03 February 2014

Malcolm's Fallen From the Middle

This endeavor started with a missive which asserted that the Bernanke/Obama recovery plan couldn't work
In 2009, who are the unemployed? Not, by and large, workers in factories that will make goods for American consumers. The deindustrialization of the economy, in progress since the 1970's, makes any stimulus program a low probability gamble. Will the stimulus program re-employ the leeches in the financial services industry that sent us over the edge in the first place?

It turns out, that's exactly what happened. Obambi is setting the Republican party up for permanent control. It won't be called a dictatorship of the proletariat, but will be, in fact.

Now we get reporting on a study from some Freshwater economists. (No Times showed up yesterday, but, as luck would have it, the piece went a bit viral.)
Within top consulting firms and among Wall Street analysts, the shift is being described with a frankness more often associated with left-wing academics than business experts.

Rather than frankness, I'd call it gloating: "go eat some cake, motherfuckers!!". Not that this endeavor is the least bit surprised. This piper has been calling that tune from the beginning; just read the subtitle.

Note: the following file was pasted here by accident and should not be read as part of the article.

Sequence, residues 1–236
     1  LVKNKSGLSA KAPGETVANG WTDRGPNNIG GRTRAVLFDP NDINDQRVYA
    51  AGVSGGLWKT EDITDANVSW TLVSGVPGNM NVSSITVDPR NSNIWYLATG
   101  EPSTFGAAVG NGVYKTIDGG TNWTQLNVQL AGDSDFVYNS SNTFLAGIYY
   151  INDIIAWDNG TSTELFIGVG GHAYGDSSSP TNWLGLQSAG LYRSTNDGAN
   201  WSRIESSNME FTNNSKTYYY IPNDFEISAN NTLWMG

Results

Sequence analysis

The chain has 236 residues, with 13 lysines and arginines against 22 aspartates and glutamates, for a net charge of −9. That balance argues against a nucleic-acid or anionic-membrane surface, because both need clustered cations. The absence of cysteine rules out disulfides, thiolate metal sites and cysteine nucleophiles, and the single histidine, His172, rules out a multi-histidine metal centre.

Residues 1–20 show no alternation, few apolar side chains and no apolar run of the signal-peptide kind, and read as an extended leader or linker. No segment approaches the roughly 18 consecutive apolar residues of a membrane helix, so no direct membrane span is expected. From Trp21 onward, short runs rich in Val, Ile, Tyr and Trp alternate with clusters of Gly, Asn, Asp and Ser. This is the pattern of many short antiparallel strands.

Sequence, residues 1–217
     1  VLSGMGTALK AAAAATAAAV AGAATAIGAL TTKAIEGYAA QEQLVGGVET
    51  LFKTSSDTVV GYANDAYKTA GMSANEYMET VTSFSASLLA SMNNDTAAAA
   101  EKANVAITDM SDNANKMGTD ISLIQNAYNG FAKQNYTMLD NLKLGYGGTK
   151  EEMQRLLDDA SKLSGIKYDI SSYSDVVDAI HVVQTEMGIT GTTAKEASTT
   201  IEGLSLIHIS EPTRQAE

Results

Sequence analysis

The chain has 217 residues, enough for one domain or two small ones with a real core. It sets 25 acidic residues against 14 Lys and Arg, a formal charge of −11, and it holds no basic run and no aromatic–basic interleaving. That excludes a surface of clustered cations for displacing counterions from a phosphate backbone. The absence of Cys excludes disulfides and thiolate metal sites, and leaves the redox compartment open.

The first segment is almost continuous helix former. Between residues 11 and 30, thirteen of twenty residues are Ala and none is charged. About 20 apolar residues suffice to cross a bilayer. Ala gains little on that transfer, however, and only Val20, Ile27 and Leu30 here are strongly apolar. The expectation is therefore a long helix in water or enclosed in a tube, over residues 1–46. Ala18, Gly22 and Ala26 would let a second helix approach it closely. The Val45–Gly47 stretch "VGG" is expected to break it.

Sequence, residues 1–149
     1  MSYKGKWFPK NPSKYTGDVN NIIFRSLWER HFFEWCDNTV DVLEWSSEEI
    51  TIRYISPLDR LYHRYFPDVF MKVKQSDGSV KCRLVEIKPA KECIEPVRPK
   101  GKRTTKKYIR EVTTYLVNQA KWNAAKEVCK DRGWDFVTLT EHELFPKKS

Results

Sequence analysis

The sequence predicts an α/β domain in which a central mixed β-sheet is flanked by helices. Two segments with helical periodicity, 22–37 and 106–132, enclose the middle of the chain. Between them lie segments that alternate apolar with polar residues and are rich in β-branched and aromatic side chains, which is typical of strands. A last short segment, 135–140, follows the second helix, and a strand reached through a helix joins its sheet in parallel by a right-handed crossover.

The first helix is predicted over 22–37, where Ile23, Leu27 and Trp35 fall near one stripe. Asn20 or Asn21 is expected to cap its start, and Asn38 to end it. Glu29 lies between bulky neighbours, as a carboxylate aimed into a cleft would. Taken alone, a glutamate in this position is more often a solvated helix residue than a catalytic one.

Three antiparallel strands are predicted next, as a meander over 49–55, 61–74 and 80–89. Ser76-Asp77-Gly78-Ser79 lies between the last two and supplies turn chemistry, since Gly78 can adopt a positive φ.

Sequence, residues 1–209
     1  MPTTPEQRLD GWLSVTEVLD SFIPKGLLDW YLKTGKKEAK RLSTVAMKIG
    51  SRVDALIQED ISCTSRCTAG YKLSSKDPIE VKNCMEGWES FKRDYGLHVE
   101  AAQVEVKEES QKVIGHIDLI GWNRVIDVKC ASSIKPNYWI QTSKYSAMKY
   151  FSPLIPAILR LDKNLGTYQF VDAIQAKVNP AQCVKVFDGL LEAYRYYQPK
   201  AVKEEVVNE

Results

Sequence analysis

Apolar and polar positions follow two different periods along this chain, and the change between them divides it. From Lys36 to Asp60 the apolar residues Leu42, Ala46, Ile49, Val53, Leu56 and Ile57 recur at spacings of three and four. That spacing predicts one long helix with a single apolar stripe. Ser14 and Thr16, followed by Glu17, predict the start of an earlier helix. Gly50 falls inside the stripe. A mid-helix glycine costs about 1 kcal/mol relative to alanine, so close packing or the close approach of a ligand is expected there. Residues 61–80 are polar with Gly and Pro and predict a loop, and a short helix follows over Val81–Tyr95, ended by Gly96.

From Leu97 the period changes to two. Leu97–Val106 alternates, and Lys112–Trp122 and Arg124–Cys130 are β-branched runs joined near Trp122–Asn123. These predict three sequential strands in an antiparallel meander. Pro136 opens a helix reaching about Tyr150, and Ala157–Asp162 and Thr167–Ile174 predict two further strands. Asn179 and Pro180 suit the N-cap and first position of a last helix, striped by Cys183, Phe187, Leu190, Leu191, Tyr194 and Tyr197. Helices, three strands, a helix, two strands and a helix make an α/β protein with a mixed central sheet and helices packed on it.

Some data, quoted from the study:
In 2012, the top 5 percent of earners were responsible for 38 percent of domestic consumption, up from 28 percent in 1995, the researchers found.

Since 2009, the year the recession ended, inflation-adjusted spending by this top echelon has risen 17 percent, compared with just 1 percent among the bottom 95 percent.

More broadly, about 90 percent of the overall increase in inflation-adjusted consumption between 2009 and 2012 was generated by the top 20 percent of households in terms of income...

At G.E. Appliances, for example, the fastest-growing brand is the Café line, which is aimed at the top quarter of the market, with refrigerators typically retailing for $1,700 to $3,000.

There is a downside to the euphoria, not mentioned by the reporter or by the researchers (as reported, of course): as the .1%/1%/10% suck ever more of the nation's wealth, the smaller is the cohort "aspiring" to climb the totem pole. Apple is the archetype for ignoring all but the 20% (or thereabouts). The problem has always been that the group doesn't grow in numbers as it grows in wealth/income. Quite the opposite, and a little arithmetic (left as exercise for the reader) shows why. Fancy restaurants can see a growth path; the 10% will eat there four times a week rather than one. The likes of Apple can't reasonably expect to sell more than one smartphone/human, thus it must keep devising yet new devices to part the rich from their moolah. It hasn't been very good at that since the iPhone.

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